Frances Tiafoe claimed the biggest win of his career in the fourth round of the U.S. Open, beating Rafael Nadal in four sets to book a quarter-final match against Andrey Rublev. Tiafoe said he lost track of space and time after winning the entertaining encounter.
The victory over Nadal, who was undefeated in a Grand Slam match in 2022, was all the more special for Tiafoe as his family and girlfriend were in the crowd, cheering him on. Frances said on the court after the match: “I’m happy I won in front of my mom, my dad, my girlfriend and my team.”
Tiafoe’s parents met in the U.S. after fleeing the civil war in Sierra Leone
Frances Tiafoe’s parents, Constant Tiafoe and Alphina Kamara Tiafoe, fled the civil war in Sierra Leone in the mid-90s and settled in Maryland. “I was going to a funeral every week,” Kamara talked to The Washington Post about the war that would claim 50,000 lives and displace millions.
Constant and Alphina met in suburban Washington, D.C., and struck up a relationship. The couple welcomed Frances and his twin brother Franklin on 20th January 1998.
Frances and Franklin didn’t enjoy a luxurious life growing up – Constant worked as a laborer and Kamara as a registered nurse – but it was better than life in their native Sierra Leone.
The brothers’ trip to Africa when they were eight filled them with a deep appreciation of their parents. Tiafoe told Andscape that he witnessed previously unknown poverty levels:
“People living with lights off for a week, having to shower with cold water, just living a life that was harsh. The poverty there is crazy. You see it on TV, and then you see it up close and it’s like, damn. People were really hurting, and there was very little hope.”
Tiafoe noted that despite the precarious conditions the kids in Sierra Leone were living in, they weren’t complaining, though he felt sorry for them. ‘It made me understand that as an American citizen, I had opportunities and I was capable of doing whatever I wanted,” he added.
Frances told the BBC that the trip helped him realize that the family was blessed though his parents weren’t wealthy. He explained:
“We got food on the table every night, parents who love us, a TV, all the accessories we need. It ain’t terrible, you know what I saying? I was definitely not running my mouth after that – I was about the happiest kid in the world.”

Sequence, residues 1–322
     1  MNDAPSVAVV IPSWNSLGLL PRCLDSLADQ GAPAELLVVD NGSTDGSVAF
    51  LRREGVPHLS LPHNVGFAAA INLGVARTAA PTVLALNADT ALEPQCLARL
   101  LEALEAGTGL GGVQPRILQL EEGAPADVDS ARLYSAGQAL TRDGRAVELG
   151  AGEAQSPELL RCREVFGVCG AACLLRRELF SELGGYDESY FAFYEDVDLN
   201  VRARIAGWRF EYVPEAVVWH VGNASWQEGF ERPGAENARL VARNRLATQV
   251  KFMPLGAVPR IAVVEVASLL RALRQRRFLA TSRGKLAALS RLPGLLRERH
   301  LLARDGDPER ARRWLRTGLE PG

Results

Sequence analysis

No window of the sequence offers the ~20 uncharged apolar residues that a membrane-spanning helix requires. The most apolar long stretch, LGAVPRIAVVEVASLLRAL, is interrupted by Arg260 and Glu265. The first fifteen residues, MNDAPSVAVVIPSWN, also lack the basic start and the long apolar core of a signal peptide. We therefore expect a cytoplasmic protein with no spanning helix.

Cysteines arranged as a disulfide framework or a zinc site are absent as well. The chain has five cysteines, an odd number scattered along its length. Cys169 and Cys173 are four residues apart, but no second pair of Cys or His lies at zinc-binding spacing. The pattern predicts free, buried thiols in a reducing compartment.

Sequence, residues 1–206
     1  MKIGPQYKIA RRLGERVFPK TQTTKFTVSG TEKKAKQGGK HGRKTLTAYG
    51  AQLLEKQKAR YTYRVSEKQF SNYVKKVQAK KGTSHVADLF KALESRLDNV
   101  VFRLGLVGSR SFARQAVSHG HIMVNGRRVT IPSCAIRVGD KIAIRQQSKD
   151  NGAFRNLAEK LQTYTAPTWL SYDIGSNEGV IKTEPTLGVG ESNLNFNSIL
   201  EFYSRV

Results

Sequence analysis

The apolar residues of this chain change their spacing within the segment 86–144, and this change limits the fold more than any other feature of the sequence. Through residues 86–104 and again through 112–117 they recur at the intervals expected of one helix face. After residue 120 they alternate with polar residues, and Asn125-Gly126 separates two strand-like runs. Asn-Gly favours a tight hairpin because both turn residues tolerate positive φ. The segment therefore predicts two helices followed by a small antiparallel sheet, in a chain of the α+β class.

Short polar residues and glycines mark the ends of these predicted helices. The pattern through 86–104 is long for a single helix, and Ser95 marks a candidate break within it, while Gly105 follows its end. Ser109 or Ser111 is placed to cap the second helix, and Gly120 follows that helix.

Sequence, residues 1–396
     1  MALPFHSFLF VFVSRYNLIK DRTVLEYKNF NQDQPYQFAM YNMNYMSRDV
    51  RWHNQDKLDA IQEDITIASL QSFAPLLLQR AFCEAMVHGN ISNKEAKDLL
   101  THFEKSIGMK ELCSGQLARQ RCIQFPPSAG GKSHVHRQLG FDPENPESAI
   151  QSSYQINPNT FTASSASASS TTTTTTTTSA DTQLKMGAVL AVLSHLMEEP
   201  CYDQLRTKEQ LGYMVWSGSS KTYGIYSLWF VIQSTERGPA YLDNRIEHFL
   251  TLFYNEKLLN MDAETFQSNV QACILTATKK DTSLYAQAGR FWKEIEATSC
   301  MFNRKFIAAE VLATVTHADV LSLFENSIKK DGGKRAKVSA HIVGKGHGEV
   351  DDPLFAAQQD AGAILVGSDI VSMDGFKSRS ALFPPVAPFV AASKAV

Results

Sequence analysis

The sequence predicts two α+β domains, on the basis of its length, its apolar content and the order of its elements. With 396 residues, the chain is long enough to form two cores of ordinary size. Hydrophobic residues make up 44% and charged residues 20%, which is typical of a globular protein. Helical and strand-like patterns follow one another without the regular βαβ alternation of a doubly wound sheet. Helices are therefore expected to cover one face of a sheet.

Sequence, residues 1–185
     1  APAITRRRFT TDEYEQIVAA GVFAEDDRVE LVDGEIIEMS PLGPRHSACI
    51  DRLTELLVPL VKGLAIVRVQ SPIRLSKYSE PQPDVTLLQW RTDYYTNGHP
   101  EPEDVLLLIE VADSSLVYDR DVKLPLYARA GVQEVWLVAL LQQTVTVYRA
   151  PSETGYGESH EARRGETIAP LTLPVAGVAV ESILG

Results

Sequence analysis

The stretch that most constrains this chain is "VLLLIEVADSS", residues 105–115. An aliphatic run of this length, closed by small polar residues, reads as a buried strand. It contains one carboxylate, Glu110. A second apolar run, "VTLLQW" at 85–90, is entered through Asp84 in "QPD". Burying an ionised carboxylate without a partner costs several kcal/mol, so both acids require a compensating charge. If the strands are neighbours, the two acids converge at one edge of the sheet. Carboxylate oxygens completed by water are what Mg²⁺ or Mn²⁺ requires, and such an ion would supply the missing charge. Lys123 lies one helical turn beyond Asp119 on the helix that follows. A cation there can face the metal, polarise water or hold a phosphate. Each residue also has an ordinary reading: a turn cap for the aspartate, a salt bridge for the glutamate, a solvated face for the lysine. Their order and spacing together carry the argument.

Frances’ father saw tennis as a means to pay for his sons’ college education
In 1999, Constant secured a construction job at the Junior Tennis Championship Center (JTCC) in suburban Washington D.C. Constant impressed with his work ethic and was hired as the center’s custodian.
To make more money, Frances took care of the complex during the day and the clay courts at night. The long hours forced him to stay near the facility, so he converted a vacant room into makeshift living quarters.
Kamara also worked long hours for most of the week, so Frances and Franklin spent many nights sleeping in the converted room. Tiafoe talked to Andscape about the living situation:
“It was a pretty small room. There were two massage tables in there, and my father slept on one and me and my brother were small enough to share the other. My mom’s apartment was maybe three minutes away, and we’d stay there on weekends and other days when she was off.”
The Tiafoe brothers didn’t complain. Constant enrolled his sons for free at the JTCC when they were five. Franklin and Frances had access to world-class facilities, but their parents couldn’t afford new training gear.
This led to insults from kids at the facility with privileged backgrounds. “Those poor, poor jokes back then really hurt,” Tiafoe said. “It made you feel, in the back of your mind, that you weren’t cut from the same cloth.”
Despite lacking access to new gear, Tiafoe, driven by talent and hard work, progressed rapidly in the sport. Constant saw tennis as a chance for the brothers to secure scholarships for college education. Tiafoe said:
“Once we got in the game of tennis, it was like my dad was like, It would be awesome if you guys can use this as a full scholarship to school. I mean, we couldn’t afford a university. So use the game of tennis.”
Tiafoe feels he owes it to his parents to succeed, given their sacrifices
Frances’ dreams of playing at the highest tennis levels sparked as he watched the Williams sisters dominate the Grand Slams. He drew motivation to work towards his dreams from his parents’ sacrifices and hard work.
“It humbled me and made me serious,” Tiafoe told the BBC. “It came into my head pretty quick to use tennis as a way to help not only myself but our family because they have sacrificed so much.”
“I tell them all the time, it’s not about me,” Frances told News 24. “They did loads for me and my twin brother. We couldn’t be anymore thankful. Right now I’m just returning the favor. I don’t have an excuse never to not compete in a match.”
After defeating Rafael Nadal, Tiafoe predicted his parents would never forget the sensational victory. “I can’t imagine what’s going through their heads,” Frances said. “Yeah, I mean, they’re going to remember today for the rest of their lives.”
Franklin wasn’t present during Frances’ win against Nadal, but he was doubtlessly proud of his twin’s effort. “Not shocked,” Franklin wrote on Instagram alongside a photo of the brothers.
“He pushes me, and I push him,” Frances told The Washington Post. “He keeps me grounded, he keeps me humble and he keeps me focused.”